Using -blend_fade


Happy New Year! This is my first time using G’MIC and posting here (feel free to change the title or add new tags). I would like to sharpen an image but take it a down a notch by blending the sharpened image with the original, with less emphasis on the highlights. E.g.:

gmic.exe 9974.jpg --gimp_smooth_anisotropic[0] 3,0.16,0.63,0.6,2.35,0.8,30,2,0,1,1,0,1 -samj_Wavelet_Sharpen_Test[1] 2 --luminance[0] -apply_curve[2] 1,0,255,255,0 --blend_fade[0,1] [2] -o result.jpg

[Oops, I can’t post any images yet!]

I was expecting result_000003.jpg to look more like this (masked and blended in GIMP):


PS To clarify, since I am unable to post the images yet, result_000003.jpg looks identical to result_000001.jpg

(Gord) #2

I guess you are going to have to interact enough with the site a bit to be able to post your images. Have a browse and toss in your input.

(David Tschumperlé) #3

The blending shape image should have values in [0,1], so adding -normalize[2] 0,1 before invoking -blend_fade should help !

Discerning data ranges

Thanks. I did this at one point but forgot to update the preview. Navigating data ranges can be daunting :confused:.


One more question about blending. I was wondering if there is a simpler way to recompose the image after -fx_split_details_wavelets than blending two layers at a time. Blend [standard] (-fx_blend) looks like something that could do it, but I don’t know how to get it to work.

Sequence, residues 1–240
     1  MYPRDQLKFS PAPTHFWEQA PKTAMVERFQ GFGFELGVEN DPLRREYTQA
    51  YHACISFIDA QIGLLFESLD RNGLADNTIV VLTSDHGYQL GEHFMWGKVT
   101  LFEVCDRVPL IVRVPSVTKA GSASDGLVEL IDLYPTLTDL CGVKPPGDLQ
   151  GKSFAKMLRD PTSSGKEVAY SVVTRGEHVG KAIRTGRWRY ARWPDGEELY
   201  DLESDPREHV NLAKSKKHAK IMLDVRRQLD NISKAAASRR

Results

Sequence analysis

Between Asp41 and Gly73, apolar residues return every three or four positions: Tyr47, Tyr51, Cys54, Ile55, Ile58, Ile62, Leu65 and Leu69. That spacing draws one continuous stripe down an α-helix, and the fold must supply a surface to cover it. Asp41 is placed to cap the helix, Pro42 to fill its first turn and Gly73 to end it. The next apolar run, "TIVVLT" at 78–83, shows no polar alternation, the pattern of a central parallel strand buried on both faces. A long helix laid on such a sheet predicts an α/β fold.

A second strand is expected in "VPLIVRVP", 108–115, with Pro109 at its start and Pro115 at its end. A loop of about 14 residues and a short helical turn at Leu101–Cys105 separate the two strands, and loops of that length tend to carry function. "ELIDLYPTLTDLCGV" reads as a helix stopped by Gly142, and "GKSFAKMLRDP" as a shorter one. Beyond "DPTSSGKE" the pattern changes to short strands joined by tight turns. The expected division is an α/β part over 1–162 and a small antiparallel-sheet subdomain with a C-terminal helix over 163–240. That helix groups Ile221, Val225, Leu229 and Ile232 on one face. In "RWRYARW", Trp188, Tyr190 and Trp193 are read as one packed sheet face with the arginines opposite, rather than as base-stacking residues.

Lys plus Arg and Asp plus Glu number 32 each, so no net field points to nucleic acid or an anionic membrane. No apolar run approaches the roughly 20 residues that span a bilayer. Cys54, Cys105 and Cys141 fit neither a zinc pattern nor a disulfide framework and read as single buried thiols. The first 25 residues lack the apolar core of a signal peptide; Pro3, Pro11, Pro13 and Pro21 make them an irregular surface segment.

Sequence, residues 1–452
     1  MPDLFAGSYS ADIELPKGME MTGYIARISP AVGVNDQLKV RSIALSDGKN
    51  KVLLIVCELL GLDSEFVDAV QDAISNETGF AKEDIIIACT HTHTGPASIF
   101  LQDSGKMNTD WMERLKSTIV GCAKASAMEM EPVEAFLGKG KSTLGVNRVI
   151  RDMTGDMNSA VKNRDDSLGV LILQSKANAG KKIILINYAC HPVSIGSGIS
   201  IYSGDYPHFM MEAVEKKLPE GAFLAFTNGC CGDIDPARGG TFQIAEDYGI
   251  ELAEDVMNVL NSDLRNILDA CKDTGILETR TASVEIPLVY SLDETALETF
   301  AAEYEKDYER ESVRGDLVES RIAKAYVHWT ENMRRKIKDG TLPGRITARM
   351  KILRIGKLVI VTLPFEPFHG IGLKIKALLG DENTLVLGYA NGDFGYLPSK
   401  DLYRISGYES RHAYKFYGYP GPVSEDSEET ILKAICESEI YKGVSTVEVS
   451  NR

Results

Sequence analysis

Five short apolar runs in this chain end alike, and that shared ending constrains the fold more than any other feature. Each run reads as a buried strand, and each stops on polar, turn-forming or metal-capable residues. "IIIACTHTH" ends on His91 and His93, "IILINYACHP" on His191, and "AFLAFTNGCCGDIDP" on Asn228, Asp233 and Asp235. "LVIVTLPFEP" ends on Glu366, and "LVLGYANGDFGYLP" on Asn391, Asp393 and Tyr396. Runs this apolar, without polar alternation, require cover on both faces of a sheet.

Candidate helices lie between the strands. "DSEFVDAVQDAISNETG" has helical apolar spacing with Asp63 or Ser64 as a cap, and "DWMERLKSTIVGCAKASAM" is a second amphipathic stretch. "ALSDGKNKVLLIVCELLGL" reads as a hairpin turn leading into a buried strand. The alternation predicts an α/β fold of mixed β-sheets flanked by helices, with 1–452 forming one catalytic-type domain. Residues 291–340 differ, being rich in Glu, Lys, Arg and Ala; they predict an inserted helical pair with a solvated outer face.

(David Tschumperlé) #6

Two different methods:

  • If you use the plug-in command -fx_split_details_wavelets, then you can recompose your images at once using -gui_merge_layers, like this :

      $ gmic -sp lena -fx_split_details_wavelets 6,0,0 -do_what_you_want_here --gui_merge_layers
  • If you use directly the CLI command -split_details, then just add the image together to reconstruct the original image:

      $ gmic -sp lena -split_details 6 -do_what_you_want_here --+

The difference between the two is that -fx_split_details_wavelets is focused on the use in a host software (e.g. GIMP), so it takes care on the value range of decomposed images (renormalized in [0,255] for instance), and also adds image names to allow correct blending modes applied on output layers.
The second one is more suited to be used in a CLI pipeline (and is a bit faster probably).